A debate has been ignited these days about the future of Bitcoin, and in particular its distinctive volatility.
So far over the years, the price of Bitcoin has been particularly volatile.
Bitcoin: doubts about volatility
Excluding the early years, that is, those before the first halving in late 2012, the annual excursion between highs and lows has been decidedly high.
For example, in 2013 it fluctuated between $13 and $1,100, while in the following three years it fluctuated between about $170 and $1,000.
In 2017 it oscillated between $750 and $20,000, and in the following three years it moved in a range between $3,200 and $29,000.
Since the 2021 bull run, however, things seem to have changed, because the oscillation has been between $29,000 and $69,000, which is much lower than in the previous two years in which a post-halving bull run occurred (2013 and 2017).
For this reason, there are those who argue that in the long run, Bitcoin’s price volatility is actually bound to inevitably decline, while others argue that it will remain high. There is also the intermediate hypothesis in which it will decline while remaining significant.
Those who argue that it will remain high do so because they consider volatility to be an inherent feature of Bitcoin’s price, since the creation of new BTC is totally inelastic to the market. But the difference between volatility being as high as it has been in the past, and volatility that is merely significant but not resounding, is remarkable.
For example, Francesco Simoncelli points out that over time the volatility of gold-backed coins has also gone from high to moderate.
Bitcoin is often compared to gold and is used as a form of protection against arbitrary inflation of the money supply in existing fiat currencies, much like gold itself. So if the inflation rate of gold-based currencies was once very high but has largely disappeared over the decades, then perhaps the same can be applied to Bitcoin. Moreover, this momentum seems to occur in 2021.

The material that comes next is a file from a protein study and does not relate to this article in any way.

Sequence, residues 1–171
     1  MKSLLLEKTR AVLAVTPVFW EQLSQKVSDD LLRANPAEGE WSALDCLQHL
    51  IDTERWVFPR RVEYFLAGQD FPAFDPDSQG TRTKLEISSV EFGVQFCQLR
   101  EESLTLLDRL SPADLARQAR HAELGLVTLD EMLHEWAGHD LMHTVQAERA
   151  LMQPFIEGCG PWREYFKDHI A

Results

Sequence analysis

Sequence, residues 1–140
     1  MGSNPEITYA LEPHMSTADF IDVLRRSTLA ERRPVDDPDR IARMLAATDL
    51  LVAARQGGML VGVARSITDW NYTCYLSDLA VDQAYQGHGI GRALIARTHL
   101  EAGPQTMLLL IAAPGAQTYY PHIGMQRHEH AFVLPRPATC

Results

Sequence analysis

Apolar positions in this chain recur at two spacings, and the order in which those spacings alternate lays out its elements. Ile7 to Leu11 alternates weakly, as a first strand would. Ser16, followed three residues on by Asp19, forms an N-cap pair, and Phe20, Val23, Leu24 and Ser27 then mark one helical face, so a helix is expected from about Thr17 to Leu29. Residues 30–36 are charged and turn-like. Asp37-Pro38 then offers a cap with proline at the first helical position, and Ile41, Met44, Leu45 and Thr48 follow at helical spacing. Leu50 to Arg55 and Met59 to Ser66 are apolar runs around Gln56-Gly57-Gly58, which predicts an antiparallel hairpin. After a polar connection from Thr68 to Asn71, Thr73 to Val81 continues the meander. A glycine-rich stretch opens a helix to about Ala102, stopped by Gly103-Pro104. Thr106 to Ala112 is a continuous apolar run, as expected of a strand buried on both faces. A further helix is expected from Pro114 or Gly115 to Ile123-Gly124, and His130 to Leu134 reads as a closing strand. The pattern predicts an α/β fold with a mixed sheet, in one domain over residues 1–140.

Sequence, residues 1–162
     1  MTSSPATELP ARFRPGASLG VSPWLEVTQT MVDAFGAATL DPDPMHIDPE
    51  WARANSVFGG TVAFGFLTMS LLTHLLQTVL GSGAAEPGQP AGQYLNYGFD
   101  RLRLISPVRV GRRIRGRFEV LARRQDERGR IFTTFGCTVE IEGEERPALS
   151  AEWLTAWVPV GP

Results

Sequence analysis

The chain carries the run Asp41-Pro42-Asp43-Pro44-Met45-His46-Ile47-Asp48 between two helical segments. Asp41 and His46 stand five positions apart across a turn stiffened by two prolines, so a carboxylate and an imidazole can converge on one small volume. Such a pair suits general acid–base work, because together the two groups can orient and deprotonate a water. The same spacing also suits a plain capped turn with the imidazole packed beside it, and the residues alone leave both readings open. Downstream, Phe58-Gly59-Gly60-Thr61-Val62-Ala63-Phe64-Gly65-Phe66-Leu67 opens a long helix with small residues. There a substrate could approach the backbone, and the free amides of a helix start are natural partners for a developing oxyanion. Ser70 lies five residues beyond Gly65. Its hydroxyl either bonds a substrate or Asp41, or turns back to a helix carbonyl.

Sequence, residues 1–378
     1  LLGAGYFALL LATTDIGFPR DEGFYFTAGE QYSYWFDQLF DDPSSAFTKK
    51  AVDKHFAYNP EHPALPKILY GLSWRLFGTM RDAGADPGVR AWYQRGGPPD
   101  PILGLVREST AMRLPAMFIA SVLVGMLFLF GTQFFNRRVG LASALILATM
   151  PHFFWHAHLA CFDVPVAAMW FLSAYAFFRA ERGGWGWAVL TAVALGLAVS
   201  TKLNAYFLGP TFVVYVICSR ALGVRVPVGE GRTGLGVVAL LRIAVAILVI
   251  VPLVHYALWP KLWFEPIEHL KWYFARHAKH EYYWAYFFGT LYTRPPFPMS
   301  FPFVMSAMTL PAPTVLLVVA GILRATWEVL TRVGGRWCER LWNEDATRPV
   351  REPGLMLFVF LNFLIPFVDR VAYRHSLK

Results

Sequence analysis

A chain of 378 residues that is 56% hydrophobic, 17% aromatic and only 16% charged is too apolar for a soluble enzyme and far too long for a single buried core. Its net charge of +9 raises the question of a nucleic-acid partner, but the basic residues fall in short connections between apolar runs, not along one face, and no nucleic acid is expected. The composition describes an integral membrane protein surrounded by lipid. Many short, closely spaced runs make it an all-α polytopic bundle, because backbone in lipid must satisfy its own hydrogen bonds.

If Bitcoin is destined to partially replace gold in financial markets, for example as a form of protection against ultra-extended monetary policy by central banks, then the dynamics that see gold inflation Coins that decline over time may be replicated in both the price and Bitcoin, reducing volatility in the medium and long term.
However, it is worth noting that BTC’s success in the financial markets is due to its accuracy and especially its volatility, which makes it an attractive asset for speculative purposes. However, in the future speculators may be replaced by long-term investors, or entrepreneurs, and this may give Bitcoin a new and different role in the financial markets.
For this reason, the intermediate hypothesis, namely that volatility will decrease but not go to zero, should not be neglected at all.